No batsman summed up South Africa's failures more than Duminy. He was all at sea during his 11-ball stay. He survived a first-ball nought when he reviewed an lbw decision for Broad and was reprieved as replays showed the ball had pitched outside leg stump. He then should have fallen lbw third ball but Tredwell, with everything in his favour as Duminy was beaten on the back foot, politely refused a review as if offered a second piece of lemon drizzle cake. Duminy soon chopped on against Tredwell in any case.
Tredwell's success did not end there. Faf du Plessis, who had been as secure as anyone, fell for 26 when he flashed at a quicker, flatter ball and was caught at the wicket.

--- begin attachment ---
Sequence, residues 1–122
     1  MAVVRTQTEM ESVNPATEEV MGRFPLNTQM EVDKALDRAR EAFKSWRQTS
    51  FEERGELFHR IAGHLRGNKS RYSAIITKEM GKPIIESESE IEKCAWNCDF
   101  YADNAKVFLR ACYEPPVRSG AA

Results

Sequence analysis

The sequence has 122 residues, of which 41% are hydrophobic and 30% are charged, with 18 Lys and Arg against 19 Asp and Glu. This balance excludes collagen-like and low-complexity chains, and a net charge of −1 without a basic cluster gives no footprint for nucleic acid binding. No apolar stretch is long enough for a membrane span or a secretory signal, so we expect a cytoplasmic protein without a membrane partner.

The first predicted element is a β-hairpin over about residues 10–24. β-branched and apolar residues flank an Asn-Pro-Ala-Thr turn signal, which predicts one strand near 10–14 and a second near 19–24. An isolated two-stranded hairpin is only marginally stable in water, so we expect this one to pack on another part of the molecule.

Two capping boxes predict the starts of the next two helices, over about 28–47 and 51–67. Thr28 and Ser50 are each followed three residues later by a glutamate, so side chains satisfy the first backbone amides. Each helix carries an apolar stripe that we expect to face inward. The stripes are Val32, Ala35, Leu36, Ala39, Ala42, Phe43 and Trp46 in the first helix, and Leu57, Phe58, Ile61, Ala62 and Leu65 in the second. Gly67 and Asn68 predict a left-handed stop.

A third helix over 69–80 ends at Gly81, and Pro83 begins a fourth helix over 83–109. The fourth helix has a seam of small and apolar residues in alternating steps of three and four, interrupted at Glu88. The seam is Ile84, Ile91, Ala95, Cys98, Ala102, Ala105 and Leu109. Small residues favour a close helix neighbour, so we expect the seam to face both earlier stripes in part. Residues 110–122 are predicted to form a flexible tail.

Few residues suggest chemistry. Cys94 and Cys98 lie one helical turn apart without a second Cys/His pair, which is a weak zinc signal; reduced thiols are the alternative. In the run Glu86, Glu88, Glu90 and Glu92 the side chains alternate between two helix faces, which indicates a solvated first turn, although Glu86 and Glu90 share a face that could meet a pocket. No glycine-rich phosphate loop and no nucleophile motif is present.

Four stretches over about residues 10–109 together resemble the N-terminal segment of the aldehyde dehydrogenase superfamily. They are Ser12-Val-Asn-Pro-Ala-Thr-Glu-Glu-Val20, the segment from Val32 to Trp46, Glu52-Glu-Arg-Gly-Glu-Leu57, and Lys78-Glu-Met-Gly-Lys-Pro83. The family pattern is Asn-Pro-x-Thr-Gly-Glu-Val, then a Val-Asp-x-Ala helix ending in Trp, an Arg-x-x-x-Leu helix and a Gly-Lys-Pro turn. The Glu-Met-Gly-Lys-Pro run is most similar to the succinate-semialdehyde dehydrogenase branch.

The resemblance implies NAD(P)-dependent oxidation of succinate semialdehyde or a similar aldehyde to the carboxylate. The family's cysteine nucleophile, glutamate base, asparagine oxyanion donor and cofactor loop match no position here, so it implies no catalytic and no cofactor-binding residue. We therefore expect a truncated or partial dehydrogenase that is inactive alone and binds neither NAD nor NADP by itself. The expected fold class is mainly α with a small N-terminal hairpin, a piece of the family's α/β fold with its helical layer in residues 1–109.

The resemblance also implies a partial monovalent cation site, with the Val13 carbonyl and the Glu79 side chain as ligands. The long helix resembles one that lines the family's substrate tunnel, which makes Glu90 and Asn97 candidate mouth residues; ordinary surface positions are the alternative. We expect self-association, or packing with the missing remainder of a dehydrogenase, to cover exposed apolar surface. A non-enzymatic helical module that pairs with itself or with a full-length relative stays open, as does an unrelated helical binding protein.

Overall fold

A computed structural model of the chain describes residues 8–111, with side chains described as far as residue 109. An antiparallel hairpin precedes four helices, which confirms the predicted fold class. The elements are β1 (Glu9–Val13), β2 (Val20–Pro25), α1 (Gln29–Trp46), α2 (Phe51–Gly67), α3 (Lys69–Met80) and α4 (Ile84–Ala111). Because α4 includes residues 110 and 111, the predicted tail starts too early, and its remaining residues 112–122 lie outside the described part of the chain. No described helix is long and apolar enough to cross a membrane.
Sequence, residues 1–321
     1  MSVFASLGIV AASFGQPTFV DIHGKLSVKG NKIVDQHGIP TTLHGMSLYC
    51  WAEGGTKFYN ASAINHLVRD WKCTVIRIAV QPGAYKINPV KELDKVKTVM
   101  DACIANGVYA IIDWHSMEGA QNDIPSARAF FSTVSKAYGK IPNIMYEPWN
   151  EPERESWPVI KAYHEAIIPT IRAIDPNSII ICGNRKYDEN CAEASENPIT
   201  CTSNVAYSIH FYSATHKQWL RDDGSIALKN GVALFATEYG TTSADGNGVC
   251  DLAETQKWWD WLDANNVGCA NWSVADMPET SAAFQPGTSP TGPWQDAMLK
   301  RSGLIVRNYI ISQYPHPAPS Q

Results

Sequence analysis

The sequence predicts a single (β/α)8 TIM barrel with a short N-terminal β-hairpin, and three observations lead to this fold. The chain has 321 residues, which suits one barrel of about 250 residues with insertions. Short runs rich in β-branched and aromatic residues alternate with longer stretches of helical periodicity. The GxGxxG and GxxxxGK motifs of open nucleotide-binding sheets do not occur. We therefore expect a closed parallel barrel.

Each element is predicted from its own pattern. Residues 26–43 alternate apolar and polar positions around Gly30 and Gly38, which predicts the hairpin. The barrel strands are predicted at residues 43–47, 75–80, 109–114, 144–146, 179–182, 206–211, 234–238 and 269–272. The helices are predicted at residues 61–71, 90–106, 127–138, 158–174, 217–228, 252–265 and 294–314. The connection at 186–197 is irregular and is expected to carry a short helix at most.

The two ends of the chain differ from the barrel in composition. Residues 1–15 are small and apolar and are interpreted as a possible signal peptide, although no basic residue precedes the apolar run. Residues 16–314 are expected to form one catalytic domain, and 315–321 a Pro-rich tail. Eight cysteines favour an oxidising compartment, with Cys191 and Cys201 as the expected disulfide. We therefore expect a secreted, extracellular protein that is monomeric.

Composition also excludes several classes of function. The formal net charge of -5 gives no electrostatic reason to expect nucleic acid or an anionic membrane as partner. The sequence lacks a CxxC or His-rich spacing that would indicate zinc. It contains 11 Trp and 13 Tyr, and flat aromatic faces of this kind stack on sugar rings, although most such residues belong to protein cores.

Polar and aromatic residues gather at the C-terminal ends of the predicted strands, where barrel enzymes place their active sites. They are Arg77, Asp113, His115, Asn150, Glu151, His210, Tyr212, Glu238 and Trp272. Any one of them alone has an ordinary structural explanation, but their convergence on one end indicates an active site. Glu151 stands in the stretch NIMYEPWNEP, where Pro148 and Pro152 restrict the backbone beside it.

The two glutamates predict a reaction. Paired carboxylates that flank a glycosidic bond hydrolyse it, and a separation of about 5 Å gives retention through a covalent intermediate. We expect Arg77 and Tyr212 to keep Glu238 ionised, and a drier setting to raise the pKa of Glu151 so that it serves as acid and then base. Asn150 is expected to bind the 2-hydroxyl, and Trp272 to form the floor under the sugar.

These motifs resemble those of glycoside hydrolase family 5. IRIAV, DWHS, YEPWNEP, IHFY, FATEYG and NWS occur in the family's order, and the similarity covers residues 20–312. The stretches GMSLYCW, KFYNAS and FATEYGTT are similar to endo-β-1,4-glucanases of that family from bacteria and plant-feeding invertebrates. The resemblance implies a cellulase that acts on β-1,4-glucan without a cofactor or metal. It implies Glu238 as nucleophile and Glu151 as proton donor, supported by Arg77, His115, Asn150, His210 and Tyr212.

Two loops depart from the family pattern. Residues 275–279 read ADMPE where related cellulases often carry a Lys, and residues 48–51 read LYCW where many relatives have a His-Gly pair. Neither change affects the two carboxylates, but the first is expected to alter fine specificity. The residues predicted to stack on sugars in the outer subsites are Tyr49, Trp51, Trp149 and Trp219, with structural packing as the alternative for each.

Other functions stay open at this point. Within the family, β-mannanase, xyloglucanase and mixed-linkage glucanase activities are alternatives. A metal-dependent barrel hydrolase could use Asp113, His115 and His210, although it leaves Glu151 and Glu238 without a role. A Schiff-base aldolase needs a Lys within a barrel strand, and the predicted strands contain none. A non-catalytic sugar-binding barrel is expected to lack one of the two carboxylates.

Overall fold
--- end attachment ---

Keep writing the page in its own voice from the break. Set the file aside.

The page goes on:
The wicket, though, that brought hearty applause from Swann in the England dressing room will not appear against his name. It was the run out of McLaren who was so unhinged by flight and turn that he ran several paces down the pitch. Trott, who caught the ball at first slip, had the presence of mind to throw down the stumps to effect the run out.
At 80 for 8, South Africa's one consolation was that they batted deep. They at least avoided the lowest one-day score ever made at The Oval batting first, New Zealand's 158 against West Indies in 1975.
They immediately took the batting Powerplay, which Miller greeted by smashing Finn over long-on for six. Miller unveiled his T20 one-legged slash over point, Broad disappearing for six more, and Kleinveldt slugged away when Cook finally felt obliged in the 30th over to introduce his weaker bowlers in tandem.
Broad finally ended the recovery with successive short balls to dismiss Kleinveldt and Lonwabo Tsotsobe, first ball. All that remained for England was a regulation dose of Trott, the finest suppressor of panic disorder on the market.